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Duffy friend paid for office cellphone contract: witness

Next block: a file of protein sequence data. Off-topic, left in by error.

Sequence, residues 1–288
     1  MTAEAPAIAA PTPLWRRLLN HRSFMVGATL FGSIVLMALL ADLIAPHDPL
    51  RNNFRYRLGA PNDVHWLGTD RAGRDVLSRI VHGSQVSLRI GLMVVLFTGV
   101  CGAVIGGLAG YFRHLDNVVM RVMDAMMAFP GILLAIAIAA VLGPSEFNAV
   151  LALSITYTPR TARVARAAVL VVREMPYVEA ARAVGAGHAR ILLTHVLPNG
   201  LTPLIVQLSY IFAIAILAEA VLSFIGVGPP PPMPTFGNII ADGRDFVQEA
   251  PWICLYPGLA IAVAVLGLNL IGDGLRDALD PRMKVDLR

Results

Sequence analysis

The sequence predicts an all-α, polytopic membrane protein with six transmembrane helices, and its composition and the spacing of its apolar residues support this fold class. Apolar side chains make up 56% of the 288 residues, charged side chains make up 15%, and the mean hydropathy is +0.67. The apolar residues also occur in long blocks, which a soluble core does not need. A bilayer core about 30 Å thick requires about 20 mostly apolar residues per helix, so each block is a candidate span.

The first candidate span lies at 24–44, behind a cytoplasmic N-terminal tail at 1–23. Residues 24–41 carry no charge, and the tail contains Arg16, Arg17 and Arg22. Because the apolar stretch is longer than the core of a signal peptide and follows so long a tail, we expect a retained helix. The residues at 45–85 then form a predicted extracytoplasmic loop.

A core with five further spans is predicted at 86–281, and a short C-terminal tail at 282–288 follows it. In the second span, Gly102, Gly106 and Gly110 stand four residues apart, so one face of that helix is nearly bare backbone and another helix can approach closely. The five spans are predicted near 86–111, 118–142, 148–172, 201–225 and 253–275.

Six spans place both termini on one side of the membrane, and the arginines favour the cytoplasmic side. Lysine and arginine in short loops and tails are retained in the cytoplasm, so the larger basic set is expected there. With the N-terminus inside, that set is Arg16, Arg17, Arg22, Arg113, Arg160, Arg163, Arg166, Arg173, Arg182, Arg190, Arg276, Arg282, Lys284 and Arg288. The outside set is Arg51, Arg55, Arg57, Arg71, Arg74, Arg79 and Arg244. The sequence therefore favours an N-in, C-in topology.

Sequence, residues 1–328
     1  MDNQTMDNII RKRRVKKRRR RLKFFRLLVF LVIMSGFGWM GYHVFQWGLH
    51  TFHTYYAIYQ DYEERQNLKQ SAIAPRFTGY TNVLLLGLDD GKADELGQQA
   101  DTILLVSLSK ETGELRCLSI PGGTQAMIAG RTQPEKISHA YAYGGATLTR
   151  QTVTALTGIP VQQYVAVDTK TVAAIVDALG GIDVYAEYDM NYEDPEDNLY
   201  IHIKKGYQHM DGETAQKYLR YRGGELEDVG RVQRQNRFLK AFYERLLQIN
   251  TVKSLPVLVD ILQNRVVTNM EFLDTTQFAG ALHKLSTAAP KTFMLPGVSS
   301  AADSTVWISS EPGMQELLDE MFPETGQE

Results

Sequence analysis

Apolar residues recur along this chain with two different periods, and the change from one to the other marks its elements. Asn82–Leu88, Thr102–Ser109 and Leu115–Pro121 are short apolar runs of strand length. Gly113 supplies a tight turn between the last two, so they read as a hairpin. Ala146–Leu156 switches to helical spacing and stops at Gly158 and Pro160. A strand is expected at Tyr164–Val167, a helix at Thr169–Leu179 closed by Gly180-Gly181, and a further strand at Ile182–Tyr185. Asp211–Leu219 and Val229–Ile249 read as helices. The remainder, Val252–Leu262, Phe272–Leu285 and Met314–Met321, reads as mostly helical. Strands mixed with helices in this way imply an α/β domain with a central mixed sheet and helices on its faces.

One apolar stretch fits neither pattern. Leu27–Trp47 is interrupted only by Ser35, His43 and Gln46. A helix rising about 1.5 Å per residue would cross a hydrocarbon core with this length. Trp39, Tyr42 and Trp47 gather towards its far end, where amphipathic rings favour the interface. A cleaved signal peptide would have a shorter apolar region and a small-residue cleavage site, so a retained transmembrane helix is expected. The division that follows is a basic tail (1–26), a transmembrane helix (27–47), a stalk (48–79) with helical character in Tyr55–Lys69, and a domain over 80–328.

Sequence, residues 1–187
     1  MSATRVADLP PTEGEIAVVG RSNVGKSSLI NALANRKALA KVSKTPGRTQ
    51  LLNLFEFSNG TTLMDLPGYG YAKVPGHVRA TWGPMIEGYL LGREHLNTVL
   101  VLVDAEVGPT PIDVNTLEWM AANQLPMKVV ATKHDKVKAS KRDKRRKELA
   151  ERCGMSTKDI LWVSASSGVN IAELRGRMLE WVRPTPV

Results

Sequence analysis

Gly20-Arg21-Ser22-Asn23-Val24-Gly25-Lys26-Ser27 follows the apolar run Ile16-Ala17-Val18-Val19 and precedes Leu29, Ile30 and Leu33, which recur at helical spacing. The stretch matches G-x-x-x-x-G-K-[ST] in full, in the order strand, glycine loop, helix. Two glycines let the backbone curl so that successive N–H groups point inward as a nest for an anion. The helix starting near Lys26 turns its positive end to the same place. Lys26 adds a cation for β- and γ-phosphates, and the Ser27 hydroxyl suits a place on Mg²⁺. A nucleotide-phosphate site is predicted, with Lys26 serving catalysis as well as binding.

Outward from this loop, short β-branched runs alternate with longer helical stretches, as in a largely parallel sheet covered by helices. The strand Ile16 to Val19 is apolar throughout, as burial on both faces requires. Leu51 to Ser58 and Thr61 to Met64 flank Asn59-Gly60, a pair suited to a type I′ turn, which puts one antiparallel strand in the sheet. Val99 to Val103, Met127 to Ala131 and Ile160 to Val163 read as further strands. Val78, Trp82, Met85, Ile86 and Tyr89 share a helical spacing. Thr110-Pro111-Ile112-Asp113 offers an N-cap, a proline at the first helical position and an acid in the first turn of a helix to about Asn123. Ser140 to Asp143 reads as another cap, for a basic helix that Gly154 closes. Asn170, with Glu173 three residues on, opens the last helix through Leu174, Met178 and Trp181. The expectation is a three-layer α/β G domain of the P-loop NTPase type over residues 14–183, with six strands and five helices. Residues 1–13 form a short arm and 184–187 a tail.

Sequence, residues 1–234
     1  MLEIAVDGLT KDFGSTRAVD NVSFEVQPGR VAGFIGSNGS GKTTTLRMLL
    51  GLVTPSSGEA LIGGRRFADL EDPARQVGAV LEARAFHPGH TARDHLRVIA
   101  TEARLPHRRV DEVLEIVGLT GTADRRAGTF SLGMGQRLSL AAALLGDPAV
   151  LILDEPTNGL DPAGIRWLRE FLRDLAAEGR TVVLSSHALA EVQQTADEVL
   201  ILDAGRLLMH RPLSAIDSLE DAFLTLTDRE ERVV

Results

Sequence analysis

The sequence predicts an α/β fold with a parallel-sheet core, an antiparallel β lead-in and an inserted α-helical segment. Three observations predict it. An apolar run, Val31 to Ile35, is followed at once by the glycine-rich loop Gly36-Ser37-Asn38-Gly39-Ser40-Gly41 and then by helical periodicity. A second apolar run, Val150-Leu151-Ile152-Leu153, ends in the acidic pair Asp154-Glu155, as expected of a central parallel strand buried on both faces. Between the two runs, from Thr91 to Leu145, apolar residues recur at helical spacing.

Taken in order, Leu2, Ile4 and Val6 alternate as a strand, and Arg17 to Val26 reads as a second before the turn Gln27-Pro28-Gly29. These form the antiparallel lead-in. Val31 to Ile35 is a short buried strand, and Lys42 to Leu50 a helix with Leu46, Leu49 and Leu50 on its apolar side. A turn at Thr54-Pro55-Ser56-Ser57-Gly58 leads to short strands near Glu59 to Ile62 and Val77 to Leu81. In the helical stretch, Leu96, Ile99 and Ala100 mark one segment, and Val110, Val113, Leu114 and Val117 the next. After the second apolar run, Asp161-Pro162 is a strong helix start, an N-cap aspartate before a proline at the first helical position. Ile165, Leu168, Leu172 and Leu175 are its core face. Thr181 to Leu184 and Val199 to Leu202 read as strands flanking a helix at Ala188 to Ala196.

OTTAWA - A veteran Parliament Hill staffer who worked in Mike Duffy's office says Gerald Donohue, a friend of Duffy's, paid for her cellphone contract after the Senate did not want to cover the monthly fees.Testifying at Duffy's trial on Tuesday, Diane Scharf said the senator "already had a few phones through Senate communications.""I just told him the truth that they would give me a phone, they would configure it, but they weren't going to pay the service charges," Scharf said. "I think he said he would arrange for Gerry Donohue to reimburse me. Now, we did not want to circumvent Senate rules, we were just trying to serve the public."The RCMP allege Duffy set up a $65,000 fund with Donohue to pay for expenses the Senate would not cover, such as makeup and personal training.At the time, Scharf was replacing Duffy's executive assistant, Melanie Mercer, who was on maternity leave.In her own testimony Tuesday, Mercer told court she was never asked to falsify claims that came across her desk.Mercer, who worked in Duffy's office from his 2009 Senate appointment until the time of his suspension, described what she said was common practice in the office: having Duffy sign blank travel claims in order to facilitate paperwork. "At the time, I thought it was very practical. I didn't think anything of it at the time.""When you ended up doing the expense claims that way, it wasn't because you had any criminal or fraudulent intent?" asked Duffy's lawyer, Donald Bayne."No, I did not," Mercer replied.Mercer testified she completed forms based on information provided by the senator and from information logged in his daily calendar.Scharf told court she was run off her feet just to keep up with the fast pace of work in Duffy's office. Her work included handling different types of claims, including paperwork for travel, hospitality and living allowances."The phone would be ringing, emails coming in, mail would be delivered by the runner and he would send work in," Scharf said.Scharf said the popular senator was in high demand."It was busy," Scharf said. "I did not take lunch breaks. I would eat at my desk because I had things that had to get done and because of who he was, people wanted to see him.""I was going to ask you if this was a full-time position," said Crown attorney Jason Neubauer. "And then some," Scharf replied.Scharf also told court she received emails from Duffy at the wee hours of the morning."He works 24/7. He would send me emails on Saturdays and Sunday," Scharf said. "He didn't call to chit-chat, it was always work."Duffy has pleaded not guilty to 31 charges of fraud, bribery and breach of trust.

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